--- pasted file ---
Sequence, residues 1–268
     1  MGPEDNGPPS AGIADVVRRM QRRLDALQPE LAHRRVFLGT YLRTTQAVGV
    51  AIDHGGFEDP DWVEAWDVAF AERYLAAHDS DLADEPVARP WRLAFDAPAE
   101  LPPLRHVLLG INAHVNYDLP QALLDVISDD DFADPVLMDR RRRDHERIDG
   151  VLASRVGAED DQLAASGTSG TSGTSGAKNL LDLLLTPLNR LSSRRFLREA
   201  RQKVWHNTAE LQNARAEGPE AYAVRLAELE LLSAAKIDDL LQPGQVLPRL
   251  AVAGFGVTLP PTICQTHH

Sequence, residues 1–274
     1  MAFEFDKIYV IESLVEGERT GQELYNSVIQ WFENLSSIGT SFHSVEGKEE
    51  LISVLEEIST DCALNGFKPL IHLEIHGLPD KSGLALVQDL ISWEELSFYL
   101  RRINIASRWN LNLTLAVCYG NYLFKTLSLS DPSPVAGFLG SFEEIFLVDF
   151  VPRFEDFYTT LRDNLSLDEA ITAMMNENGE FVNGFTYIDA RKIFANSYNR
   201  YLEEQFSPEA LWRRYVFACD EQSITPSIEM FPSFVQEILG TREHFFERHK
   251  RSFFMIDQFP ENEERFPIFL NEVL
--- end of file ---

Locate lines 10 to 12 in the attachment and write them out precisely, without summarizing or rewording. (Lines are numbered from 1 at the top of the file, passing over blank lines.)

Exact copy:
    51  LISVLEEIST DCALNGFKPL IHLEIHGLPD KSGLALVQDL ISWEELSFYL
   101  RRINIASRWN LNLTLAVCYG NYLFKTLSLS DPSPVAGFLG SFEEIFLVDF
   151  VPRFEDFYTT LRDNLSLDEA ITAMMNENGE FVNGFTYIDA RKIFANSYNR